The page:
What Does an Oral & Maxillofacial Surgeon Do?
Oral and Maxillofacial Surgeons are dentists who pursue rigorous additional surgical specialty training of four or six years after completion of dental school. After residency, Oral and Maxillofacial Surgeons can pursue becoming board-certified in the specialty (Diplomates of the American Board or Oral and Maxillofacial Surgery). This requires passing rigorous written and oral examinations.
What Oral & Maxillofacial Surgeons Do
The scope of practice of the oral and maxillofacial surgery specialty is quite broad, and the surgeons perform procedures in the office setting as well as in hospitals and/or ambulatory surgery centers. Surgical extractions of impacted teeth (usually wisdom teeth) and dental implants are among the most frequently performed procedures and common reasons for referrals. Oral and Maxillofacial Surgeons are experts in the correction of growth abnormalities of the jaws and facial bones and perform orthognathic surgery to correct patients' function, restore facial harmony, and treat obstructive sleep apnea. They also perform complex reconstruction of bone and soft-tissue deficits that result from tooth loss, trauma, birth defects or tumor removal. They remove cysts and tumors – benign and malignant – from the mouth, face, and salivary glands. In addition, they treat infections of the mouth, face, and neck and perform surgeries to correct conditions of the temporomandibular joint. They are experts in treating fractures of the jaws and facial bones as well as repairing lacerations of the face and neck. For these reasons, they are essential members of the facial trauma team at community hospitals, trauma hospitals, and academic medical centers.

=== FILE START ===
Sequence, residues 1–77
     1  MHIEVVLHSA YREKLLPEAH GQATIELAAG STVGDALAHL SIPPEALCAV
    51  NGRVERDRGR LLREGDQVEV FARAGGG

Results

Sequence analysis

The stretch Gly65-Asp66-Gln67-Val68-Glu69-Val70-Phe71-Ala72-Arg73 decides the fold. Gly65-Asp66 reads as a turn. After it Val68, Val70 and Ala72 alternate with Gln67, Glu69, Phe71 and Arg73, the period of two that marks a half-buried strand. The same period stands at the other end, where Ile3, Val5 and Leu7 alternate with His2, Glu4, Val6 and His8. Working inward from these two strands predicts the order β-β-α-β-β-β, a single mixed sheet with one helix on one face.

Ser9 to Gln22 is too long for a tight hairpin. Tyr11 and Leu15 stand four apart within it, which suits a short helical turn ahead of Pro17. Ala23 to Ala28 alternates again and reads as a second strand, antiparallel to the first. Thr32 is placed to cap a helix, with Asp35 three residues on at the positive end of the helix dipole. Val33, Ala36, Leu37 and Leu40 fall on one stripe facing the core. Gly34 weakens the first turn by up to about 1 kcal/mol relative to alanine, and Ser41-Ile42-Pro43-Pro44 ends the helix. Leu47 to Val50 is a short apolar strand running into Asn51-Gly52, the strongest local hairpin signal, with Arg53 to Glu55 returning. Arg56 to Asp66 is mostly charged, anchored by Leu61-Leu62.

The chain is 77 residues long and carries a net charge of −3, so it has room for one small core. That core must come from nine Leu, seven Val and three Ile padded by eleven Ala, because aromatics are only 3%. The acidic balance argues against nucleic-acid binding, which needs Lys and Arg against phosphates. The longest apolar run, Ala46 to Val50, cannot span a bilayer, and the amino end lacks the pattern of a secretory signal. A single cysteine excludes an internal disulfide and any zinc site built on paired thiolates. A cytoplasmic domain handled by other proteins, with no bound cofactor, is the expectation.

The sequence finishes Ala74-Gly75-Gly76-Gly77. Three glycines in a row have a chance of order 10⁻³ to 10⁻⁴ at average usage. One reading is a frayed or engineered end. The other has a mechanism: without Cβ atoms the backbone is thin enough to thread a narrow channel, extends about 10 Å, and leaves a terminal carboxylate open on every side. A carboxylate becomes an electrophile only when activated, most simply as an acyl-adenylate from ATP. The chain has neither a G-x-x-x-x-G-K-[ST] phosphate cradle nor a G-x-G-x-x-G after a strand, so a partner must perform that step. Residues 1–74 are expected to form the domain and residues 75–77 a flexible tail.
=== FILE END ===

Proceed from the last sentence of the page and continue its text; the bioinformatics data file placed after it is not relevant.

With extensive training in anesthesia, Oral and Maxillofacial Surgeons are experts in providing general anesthesia/deep sedation, moderate IV sedation, minimal sedation, and local anesthesia in the office.
Many Oral and Maxillofacial Surgeons earn their medical degree during their specialty training. Some pursue additional fellowship (post-residency) training to further their knowledge and skills in a particular area of interest, such as head and neck cancer removal and reconstruction, cleft lip and palate/craniofacial surgery, or cosmetic surgery. Diplomates maintain their board certification with continuous education and ongoing certification maintenance program through the American Board or Oral and Maxillofacial Surgery.
For more information, visit:
American Association of Oral and Maxillofacial Surgeons for patients: MyOMS.org.
American Association of Oral and Maxillofacial Surgeons: AAOMS.org.
American Board of Oral and Maxillofacial Surgery: ABOMS.org.